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The kernel, like any software, has bugs. It’s a large, complex project and it can be difficult to troubleshoot problems. This document covers some basic troubleshooting techniques to help narrow down the root cause of an issue.
Sometimes the kernel fails to boot. Depending on where the problem is in the boot process, there may or may not be any output. Some good first steps are:
quiet(enable more log messages) and
rhgb(disable graphical boot) from the boot flags. If the text output is too fast to read, add
boot_delay=1000(the number of milliseconds to delay in between printk during boot). You can use a camera to take pictures of the output.
Booting with vga=791 (or even just vga=1 if the video card won’t support 791) will put the framebuffer into high resolution mode to get more lines of text on screen, allowing more context for bug analysis.
initcall_debugparameter, which traces the initcalls as they are executed.
If you get no output at all from the kernel, booting with
earlyprintk=vgacan sometimes yield something of interest.
Hangs and freezes
Checking whether or not the CapsLock key (or NumLock or ScrollLock) causes the light on the keyboard to change state can be used as an indication of whether or not the kernel has hung completely, or if there is something else going on.
The SysRq magic keys may still work. You may need to add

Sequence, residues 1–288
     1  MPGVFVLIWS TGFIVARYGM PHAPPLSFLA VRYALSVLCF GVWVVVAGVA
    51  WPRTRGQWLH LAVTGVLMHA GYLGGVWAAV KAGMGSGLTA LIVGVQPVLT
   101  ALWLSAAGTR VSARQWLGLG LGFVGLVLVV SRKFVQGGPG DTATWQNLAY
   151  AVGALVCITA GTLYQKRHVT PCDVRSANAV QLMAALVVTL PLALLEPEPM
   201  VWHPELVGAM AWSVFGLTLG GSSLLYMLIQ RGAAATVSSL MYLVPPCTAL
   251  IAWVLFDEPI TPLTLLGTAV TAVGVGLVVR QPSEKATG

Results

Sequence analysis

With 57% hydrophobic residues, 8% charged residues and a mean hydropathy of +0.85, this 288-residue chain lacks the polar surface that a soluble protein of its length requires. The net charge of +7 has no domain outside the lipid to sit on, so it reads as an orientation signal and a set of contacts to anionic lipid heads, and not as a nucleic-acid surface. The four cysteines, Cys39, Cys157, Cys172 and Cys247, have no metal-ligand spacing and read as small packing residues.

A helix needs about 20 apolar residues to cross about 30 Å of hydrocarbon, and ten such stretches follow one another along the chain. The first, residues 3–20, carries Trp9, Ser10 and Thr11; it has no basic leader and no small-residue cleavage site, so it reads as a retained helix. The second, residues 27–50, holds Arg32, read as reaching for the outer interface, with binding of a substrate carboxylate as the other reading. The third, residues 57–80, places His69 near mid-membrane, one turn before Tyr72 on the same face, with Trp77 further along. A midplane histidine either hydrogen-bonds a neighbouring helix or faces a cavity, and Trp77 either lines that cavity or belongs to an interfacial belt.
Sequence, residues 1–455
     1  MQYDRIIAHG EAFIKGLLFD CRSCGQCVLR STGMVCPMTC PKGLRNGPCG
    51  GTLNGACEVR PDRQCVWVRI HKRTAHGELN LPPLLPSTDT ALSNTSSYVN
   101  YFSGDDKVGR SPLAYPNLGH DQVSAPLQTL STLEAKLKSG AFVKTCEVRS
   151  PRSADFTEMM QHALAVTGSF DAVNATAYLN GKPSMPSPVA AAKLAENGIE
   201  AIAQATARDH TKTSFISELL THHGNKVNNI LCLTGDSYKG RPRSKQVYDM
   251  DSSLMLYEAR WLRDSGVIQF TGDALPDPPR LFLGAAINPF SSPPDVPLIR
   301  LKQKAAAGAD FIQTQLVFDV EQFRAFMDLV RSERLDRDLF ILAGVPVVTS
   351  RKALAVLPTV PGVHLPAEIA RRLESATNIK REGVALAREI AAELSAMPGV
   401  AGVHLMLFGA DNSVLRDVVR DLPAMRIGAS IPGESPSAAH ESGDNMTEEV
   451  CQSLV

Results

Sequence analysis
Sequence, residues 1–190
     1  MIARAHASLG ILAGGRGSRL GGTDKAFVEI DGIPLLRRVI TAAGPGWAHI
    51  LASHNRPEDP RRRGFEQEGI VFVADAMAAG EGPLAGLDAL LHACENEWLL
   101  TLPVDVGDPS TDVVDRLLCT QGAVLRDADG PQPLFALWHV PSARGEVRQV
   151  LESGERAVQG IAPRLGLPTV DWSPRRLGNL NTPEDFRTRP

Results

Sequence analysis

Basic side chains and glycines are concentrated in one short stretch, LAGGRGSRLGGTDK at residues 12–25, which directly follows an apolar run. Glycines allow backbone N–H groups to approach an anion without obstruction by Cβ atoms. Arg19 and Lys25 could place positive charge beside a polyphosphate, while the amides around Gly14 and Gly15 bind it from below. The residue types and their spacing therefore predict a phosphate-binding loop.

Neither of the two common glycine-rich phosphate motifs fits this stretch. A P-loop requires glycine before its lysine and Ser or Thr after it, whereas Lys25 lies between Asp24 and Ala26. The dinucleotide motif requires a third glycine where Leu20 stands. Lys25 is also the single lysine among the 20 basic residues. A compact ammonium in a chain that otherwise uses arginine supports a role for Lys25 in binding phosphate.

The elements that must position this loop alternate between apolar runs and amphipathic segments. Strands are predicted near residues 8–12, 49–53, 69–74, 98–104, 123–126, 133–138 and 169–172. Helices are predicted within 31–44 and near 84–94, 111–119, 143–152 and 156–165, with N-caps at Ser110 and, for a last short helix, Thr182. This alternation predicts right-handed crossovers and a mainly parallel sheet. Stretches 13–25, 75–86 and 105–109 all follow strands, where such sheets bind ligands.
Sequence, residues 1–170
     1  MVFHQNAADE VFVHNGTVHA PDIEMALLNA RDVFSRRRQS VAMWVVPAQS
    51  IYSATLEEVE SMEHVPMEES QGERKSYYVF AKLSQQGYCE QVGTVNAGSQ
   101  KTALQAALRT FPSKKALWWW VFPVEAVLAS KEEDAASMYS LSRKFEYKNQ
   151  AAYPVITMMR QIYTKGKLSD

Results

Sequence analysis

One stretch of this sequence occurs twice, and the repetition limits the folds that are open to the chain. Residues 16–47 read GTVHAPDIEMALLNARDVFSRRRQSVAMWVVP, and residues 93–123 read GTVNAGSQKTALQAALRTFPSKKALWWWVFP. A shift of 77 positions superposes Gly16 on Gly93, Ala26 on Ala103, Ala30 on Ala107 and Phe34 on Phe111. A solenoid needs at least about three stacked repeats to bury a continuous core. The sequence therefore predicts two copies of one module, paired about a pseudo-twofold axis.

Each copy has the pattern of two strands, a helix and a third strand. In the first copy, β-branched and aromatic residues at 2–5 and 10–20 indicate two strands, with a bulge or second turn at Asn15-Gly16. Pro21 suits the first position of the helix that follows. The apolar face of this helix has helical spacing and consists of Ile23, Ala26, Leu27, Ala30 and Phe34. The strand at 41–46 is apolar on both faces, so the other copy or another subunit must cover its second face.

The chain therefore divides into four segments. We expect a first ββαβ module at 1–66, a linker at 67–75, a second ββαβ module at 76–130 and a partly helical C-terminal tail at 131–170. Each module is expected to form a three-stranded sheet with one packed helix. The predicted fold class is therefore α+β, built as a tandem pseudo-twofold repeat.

sysrq_always_enabled=1to the kernel boot command line. See the wiki article on SysRq on usage details.
nmi_watchdog=1on the kernel command line will cause a panic when an NMI watchdog timeout occurs.
Logs to collect
When reporting an issue with the kernel you should always attach the kernel
logs, usually collected with the
dmesg command. For some types of issues,
you may need to collect more logs.
Input issues (touchpad etc.)
Information for collecting logs is documented at the libinput website.
Bisecting the kernel
If the problem you’ve encountered isn’t present in older versions of the
kernel, it is very helpful to use
git-bisect to find the commit that
introduced the problem. For a general overview of
git-bisect, see its
documentation. An outline on how to bisect
the kernel is included in the
documentation. This guide contains Fedora-specific details.
Bisecting is a time-consuming task, but it’s very straightforward and is often the best way to find the cause of a problem. If you’re really interested in getting the problem you’re seeing fixed, bisecting will speed up the process considerably in most cases.
Find the newest version you can that works. This will be the initial "good" version. The first version you find that doesn’t work will be the initial "bad" version.
Install the dependencies required to build the kernel.
Next, get the source code.
.configfile. Assuming you’ve got both the good and bad kernel installed, the config for both will be in
Start a new
git bisect start.
Mark the newest version that works as "good" with
git bisect good <tag>. For example:
git bisect good v4.16.8.
Mark the first version that does not work as "bad" with
git bisect bad <tag>. For example:
git bisect bad v4.17.
Build the kernel. Sometimes commits cannot be built. If this happens, skip the commit with
git bisect skip.
Reboot into the new kernel and test to see if it works.
If the new kernel works, mark it as good with
git bisect good. Otherwise, mark it as bad with
git bisect bad.
Repeat the previous five steps until you’ve found the commit that introduced the problem.
v4.15) new configuration options will be added and removed as you bisect. It’s usually safe to select the default.
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